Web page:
It is not because I am old, although I do have certain ways that I like to do things. The problem is that a fully loaded new computer means

  1. All new supplied programs are subtly different from their familiar predecessors, and
  2. It won’t be loaded with any programs that do most of what I need to do, and
  3. It will have much installed that needs to be purged. Helpful things that circumvent what I try to do. Friendly things that insist on telling me how to do things I’ve been doing for decades. Happy things trying to sell me on even more products for which I know better and cheaper alternatives.

So I unpack it, plug in wires for everything necessary, turn it on, and then a few days of “fun” begins.

Note: Each task is an installation and/or configuration task. The links should all open in a new tab/window.

taskFirst it wants me to answer some questions. No problem. I get it up and running, and am online in under a half hour, ready to do anything I want in the cloud.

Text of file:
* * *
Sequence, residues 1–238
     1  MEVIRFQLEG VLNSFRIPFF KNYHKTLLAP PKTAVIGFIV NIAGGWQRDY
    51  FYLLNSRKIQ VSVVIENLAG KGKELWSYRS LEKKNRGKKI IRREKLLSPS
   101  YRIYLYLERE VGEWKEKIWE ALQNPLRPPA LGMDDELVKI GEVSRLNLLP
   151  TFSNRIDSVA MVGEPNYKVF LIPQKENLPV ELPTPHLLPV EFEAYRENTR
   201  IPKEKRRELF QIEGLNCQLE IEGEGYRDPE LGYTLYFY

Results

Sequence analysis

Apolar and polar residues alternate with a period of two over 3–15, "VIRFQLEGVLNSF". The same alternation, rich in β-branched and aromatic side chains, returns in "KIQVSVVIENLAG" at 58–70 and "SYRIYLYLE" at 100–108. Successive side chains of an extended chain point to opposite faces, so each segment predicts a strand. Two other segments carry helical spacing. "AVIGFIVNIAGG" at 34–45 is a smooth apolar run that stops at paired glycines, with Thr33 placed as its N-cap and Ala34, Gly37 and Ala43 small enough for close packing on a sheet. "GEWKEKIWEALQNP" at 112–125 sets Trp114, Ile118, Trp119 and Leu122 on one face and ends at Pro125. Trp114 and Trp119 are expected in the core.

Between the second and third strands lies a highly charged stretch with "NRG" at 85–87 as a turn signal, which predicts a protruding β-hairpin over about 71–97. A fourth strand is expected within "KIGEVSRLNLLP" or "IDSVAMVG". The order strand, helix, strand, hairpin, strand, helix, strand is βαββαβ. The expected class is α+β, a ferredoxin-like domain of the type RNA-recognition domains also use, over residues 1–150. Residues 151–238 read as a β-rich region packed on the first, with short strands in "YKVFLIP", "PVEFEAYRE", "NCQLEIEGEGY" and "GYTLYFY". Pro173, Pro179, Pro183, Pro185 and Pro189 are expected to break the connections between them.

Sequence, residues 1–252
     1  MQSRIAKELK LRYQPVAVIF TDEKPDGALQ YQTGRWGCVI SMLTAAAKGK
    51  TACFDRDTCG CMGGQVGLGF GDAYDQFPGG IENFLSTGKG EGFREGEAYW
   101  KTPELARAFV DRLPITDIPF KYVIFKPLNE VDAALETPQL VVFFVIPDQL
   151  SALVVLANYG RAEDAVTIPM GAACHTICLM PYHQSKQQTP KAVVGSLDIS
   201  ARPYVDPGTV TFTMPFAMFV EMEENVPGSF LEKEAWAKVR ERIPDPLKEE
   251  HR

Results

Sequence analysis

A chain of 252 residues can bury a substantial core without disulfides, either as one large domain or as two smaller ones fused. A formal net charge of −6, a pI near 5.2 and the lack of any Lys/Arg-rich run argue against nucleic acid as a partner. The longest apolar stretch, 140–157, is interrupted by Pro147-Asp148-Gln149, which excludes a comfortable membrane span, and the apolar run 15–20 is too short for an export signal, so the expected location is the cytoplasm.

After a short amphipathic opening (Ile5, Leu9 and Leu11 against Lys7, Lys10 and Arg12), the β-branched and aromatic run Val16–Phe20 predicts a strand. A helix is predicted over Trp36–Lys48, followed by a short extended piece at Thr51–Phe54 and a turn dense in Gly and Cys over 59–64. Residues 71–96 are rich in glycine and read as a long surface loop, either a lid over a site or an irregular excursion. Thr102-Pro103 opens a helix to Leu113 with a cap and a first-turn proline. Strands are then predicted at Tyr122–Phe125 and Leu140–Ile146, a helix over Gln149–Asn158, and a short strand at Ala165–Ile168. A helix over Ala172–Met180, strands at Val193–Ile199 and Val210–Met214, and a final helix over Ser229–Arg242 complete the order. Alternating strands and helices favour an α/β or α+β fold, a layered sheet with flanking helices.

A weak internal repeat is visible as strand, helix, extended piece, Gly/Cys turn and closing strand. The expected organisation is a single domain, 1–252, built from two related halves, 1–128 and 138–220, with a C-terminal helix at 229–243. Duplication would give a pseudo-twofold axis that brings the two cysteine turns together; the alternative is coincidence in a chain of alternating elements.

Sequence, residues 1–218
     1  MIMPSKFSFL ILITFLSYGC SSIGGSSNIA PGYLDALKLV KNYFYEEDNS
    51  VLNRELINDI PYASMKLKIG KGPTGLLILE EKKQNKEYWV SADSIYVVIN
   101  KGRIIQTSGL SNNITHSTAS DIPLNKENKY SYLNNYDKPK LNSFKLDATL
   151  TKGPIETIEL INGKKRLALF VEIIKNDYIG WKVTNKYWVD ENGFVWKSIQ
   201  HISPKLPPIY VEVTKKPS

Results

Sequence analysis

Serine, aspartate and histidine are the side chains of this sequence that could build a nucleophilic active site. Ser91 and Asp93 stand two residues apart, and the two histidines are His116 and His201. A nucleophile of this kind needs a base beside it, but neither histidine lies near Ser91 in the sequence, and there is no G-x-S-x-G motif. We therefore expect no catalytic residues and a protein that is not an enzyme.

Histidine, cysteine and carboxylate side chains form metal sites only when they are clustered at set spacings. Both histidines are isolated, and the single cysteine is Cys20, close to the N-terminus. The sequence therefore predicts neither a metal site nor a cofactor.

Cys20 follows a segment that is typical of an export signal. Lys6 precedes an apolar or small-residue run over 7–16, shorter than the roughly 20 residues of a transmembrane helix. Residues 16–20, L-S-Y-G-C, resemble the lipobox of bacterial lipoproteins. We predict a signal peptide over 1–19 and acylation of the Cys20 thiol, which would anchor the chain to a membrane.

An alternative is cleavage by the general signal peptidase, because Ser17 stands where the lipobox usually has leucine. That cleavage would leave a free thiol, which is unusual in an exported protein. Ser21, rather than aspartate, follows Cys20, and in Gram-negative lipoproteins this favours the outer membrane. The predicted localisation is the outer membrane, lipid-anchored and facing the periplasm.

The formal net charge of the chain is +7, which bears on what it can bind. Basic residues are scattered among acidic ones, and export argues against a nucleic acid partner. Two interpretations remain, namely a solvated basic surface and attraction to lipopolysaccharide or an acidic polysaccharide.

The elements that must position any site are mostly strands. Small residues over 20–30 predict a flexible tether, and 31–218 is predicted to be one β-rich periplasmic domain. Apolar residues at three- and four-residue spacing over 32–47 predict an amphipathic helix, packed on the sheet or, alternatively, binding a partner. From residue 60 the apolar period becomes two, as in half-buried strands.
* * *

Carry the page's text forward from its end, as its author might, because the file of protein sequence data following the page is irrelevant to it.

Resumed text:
taskThen it offers to “simply” copy my preferences and data from my old machine. In the many upgrades I’ve survived since the mid 1980’s, I have sometimes chosen to let it do this, and other times did it the bad, old way. I’m not sure which is less painful. But I gave it a chance, installed the copier, and let it run. It took 9 hours at 100MB/s to do the copying. Mostly video files and pictures.

taskAfter that was done, I began by installing FireFox 6.0. I do need to test my web pages in Chrome as well as IE and FireFox. The computer came with IE and Chrome installed, and I would have installed them had they not come on this computer. But IMHO 😈 FireFox is better for development because of its configurability and libraries of Add-Ons (or Apps in smartphone-speak).

tasktasktasktaskThen FireFox needed a few necessary-to-me add ons like FireFTP (for uploading files), HtmlValidator (to make sure my web pages meet standards), Make Link (to copy encoded hypertext links for posting in blog comments), and NoScript (to block unwanted ads, twiddles, and hacks).

tasktasktaskThen Flash, Acrobat, and Quicktime had to be downloaded and installed so that all web pages would work. I have a license for QuickTime Pro, and created my first few simple videos with it. So I had to install and up-register it.